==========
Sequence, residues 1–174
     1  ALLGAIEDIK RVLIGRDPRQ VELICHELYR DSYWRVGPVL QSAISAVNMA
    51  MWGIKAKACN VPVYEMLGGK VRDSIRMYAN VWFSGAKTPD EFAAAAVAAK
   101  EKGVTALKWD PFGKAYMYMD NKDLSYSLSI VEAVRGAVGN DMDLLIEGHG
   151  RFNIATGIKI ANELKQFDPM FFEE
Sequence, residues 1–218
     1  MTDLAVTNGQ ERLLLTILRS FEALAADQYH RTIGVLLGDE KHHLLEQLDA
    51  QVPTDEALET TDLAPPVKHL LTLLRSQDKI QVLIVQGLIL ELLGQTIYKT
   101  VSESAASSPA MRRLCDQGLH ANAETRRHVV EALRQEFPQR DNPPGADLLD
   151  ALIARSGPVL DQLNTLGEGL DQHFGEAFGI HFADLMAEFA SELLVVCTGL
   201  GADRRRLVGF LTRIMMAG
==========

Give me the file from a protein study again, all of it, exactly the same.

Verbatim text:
Sequence, residues 1–174
     1  ALLGAIEDIK RVLIGRDPRQ VELICHELYR DSYWRVGPVL QSAISAVNMA
    51  MWGIKAKACN VPVYEMLGGK VRDSIRMYAN VWFSGAKTPD EFAAAAVAAK
   101  EKGVTALKWD PFGKAYMYMD NKDLSYSLSI VEAVRGAVGN DMDLLIEGHG
   151  RFNIATGIKI ANELKQFDPM FFEE
Sequence, residues 1–218
     1  MTDLAVTNGQ ERLLLTILRS FEALAADQYH RTIGVLLGDE KHHLLEQLDA
    51  QVPTDEALET TDLAPPVKHL LTLLRSQDKI QVLIVQGLIL ELLGQTIYKT
   101  VSESAASSPA MRRLCDQGLH ANAETRRHVV EALRQEFPQR DNPPGADLLD
   151  ALIARSGPVL DQLNTLGEGL DQHFGEAFGI HFADLMAEFA SELLVVCTGL
   201  GADRRRLVGF LTRIMMAG